Second is that if we divorce processes from conclusions, we have nothing to attach it to; those processes no longer have an interest in anything relating to knowledge in any sense related to warrant. Without some purpose, process has no meaning.

Third is that as part of a feedback loop between experience and explanation, conclusions are mandatory but processes actually aren’t at all. Most people have a myriad of beliefs that they are entitled to and that are justified, yet they cannot themselves explain why they are justified. It is only the Epistemologist that would complain that unless a person can account for their beliefs, they’re at least not justified in believing whatever they do believe. And, we’re already admitting that conclusions are sketchy; processes are the cause. So we can’t hardly be so skeptical about conclusions yet demand these folks have any process at all. That is, unless justified beliefs, truth, is the aim of epistemological processes rather than process for process’ sake. However, their process of lacking processes only belies a strategy. Again we know these folks hold justified beliefs. Balking about lacking processes is only owning that we want processes in place to increase the volume of no less than justified beliefs, ie. better conclusions hinged on good reasons to assert rather than on any process at all. Warranted assertability being the purpose after all.

Fourth, if the aim is to have a multiplicity of explanations for some state of affairs, then we cannot hold that a single process can provide a diversity of explanations; the more reliable a process, necessarily, the more likely we are to have a single conclusion from it. Too, in wanting to have more than one explanation, we’re left asking why. At that point, we’re talking about a strategy. We are dually admitting that conclusion and processes are indeed best kept provisionally. That is, that because one requires the other, none guarantee warranted assertability.

Finally, the only process we can absolutely commit to is discarding processes that don’t work, but this is no different than discarding conclusions that don’t work either; the one is an extension of the o

Just a thought.

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Love And Other Ideas

Epistemic entitlement in principle is much like other perceptual states.

It would be out of place it seems, to ask yourself why you were first smitten by your lover. There are words we can use and reasons we can articulate that would explain in part, but those same features may actually apply to others we don’t love or even to those we may hate. It would beg the question as to why those features lead your affections to one but not another given they all share them. Too, that feature list may be the same as mine but I find I love someone else entirely and find no affection for your mate. At the bottom of those reasons one may give to establish that there is love there and that one is justified in loving that person, there’s a jes nes se qua which is the compelling reason one’s mind changed from “not loving” to “now loving”.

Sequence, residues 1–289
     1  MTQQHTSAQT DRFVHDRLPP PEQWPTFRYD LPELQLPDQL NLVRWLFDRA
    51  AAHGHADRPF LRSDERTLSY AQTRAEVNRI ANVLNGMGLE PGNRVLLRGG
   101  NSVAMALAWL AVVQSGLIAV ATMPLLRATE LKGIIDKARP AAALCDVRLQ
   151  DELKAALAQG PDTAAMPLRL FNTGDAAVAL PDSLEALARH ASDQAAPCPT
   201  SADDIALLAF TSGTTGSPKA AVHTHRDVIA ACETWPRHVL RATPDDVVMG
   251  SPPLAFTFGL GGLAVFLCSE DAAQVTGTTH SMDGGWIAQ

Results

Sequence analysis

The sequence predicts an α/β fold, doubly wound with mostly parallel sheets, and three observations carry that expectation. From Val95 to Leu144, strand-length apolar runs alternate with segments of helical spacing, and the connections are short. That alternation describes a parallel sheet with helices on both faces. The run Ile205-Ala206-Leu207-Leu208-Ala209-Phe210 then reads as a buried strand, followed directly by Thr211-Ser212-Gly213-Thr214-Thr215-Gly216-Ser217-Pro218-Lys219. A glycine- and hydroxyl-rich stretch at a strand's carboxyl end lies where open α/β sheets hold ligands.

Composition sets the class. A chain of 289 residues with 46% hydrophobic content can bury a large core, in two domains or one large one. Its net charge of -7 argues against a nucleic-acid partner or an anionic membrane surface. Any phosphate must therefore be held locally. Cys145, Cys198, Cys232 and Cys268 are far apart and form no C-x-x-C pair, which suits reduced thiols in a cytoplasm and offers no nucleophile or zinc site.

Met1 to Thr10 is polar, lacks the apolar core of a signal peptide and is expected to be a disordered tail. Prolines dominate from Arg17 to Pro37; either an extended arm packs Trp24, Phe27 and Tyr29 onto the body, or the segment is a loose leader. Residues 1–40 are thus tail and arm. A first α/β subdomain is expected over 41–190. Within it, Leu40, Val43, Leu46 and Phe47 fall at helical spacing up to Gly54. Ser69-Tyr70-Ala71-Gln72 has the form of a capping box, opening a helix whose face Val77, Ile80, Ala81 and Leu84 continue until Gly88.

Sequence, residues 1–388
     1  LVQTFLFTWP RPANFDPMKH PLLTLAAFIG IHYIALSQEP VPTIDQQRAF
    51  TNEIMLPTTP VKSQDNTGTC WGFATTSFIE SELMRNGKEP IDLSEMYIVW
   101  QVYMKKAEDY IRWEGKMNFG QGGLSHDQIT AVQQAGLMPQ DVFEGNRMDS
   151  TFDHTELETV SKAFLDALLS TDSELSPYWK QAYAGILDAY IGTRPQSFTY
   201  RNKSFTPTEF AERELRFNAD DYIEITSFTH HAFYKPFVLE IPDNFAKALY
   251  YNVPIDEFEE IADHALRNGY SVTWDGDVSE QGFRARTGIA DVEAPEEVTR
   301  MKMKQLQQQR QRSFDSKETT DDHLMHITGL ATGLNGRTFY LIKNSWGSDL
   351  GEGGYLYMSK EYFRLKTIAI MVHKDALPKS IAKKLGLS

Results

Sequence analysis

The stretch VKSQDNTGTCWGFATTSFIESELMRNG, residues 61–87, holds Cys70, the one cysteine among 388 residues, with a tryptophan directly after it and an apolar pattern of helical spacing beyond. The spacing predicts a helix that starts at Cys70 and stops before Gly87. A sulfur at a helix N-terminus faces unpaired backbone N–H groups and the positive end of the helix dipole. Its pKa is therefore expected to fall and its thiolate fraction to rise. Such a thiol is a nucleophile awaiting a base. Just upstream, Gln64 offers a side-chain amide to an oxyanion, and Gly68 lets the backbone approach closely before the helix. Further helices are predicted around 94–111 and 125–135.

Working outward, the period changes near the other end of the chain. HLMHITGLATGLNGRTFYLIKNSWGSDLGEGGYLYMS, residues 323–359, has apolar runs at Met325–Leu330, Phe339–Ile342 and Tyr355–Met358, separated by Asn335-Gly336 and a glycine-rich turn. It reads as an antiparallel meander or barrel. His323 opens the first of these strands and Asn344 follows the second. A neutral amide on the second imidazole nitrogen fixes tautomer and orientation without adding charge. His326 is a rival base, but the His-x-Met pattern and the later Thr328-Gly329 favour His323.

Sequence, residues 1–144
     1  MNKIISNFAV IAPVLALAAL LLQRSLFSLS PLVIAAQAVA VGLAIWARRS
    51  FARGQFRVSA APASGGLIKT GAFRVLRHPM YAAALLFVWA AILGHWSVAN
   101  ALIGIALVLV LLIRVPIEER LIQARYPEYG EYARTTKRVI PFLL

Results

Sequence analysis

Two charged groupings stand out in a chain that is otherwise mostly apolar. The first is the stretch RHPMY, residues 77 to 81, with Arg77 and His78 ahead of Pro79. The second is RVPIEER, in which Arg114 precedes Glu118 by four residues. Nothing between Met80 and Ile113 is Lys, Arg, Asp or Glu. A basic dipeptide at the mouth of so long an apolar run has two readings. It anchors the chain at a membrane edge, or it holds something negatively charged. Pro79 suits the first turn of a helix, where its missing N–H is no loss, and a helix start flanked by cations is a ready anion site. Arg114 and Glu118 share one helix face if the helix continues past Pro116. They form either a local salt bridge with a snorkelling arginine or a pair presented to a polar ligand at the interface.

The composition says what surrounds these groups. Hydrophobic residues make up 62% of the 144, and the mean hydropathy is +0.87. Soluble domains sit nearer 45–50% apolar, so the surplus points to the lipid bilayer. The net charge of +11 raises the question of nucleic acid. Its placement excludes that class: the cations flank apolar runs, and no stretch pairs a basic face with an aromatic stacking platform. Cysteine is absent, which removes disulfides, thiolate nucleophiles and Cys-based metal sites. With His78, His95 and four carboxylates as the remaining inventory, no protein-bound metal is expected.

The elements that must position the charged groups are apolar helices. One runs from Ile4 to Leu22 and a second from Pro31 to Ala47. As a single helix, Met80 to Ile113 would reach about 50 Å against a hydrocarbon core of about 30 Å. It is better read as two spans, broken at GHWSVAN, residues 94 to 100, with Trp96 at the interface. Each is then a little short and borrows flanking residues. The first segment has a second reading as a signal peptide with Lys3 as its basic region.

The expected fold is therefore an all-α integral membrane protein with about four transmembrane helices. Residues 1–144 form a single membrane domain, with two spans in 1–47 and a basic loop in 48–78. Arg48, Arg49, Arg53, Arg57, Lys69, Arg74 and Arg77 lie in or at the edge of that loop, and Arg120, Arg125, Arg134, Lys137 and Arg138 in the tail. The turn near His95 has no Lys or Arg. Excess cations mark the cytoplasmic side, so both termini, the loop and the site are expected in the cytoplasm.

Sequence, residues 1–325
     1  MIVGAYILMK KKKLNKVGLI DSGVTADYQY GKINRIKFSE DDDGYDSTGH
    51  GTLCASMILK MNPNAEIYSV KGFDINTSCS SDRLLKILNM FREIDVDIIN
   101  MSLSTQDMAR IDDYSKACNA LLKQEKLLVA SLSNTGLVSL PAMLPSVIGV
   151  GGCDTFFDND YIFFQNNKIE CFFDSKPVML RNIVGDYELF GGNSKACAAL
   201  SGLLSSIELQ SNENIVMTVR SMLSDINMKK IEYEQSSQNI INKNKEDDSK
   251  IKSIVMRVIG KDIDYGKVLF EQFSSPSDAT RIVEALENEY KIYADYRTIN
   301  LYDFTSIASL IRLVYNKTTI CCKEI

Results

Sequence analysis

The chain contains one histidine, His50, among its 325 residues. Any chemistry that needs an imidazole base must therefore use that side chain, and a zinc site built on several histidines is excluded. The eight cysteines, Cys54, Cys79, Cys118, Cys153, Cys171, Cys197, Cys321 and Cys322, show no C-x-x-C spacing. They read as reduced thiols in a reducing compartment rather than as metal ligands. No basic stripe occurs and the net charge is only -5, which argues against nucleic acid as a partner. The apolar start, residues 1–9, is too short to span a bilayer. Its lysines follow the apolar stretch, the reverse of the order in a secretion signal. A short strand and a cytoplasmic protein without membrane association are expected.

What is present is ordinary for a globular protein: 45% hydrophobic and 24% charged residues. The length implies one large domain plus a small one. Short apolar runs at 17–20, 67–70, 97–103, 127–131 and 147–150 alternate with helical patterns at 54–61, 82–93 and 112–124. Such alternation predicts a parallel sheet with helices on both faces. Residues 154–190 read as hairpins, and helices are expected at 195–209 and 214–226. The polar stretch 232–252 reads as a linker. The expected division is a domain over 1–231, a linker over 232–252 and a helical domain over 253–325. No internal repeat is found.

It’s this idea best exemplified in asking why I may love you that entitlements are understood. The idea is that why I love you is because I am as I am and I simply love whatever it is I find you to be. I cannot articulate why I genuinely​ love you, but I know that I do. My being entitled to love you isn’t just that I ought to be able to love anyone I want. It’s that I am entitled to love anyone I genuinely love despite my ability or inability to express why I do.

There are things we are entitled to believe because we find them so obvious to believe that like love, it is effort lost if someone were to say those beliefs aren’t justified for the mere fact that we didn’t argue or think about them or didn’t even know why we believed at all.

Is it an unjustified belief that I exist even though reason and evidence — as Descartes so brilliantly made clear by the time we get to the end of his third meditation — cannot justify asserting that I do?

There are scores of brute facts like existence that we are entitled to believe and which warrant asserting as being the case, despite their independence of rational justification or evidence.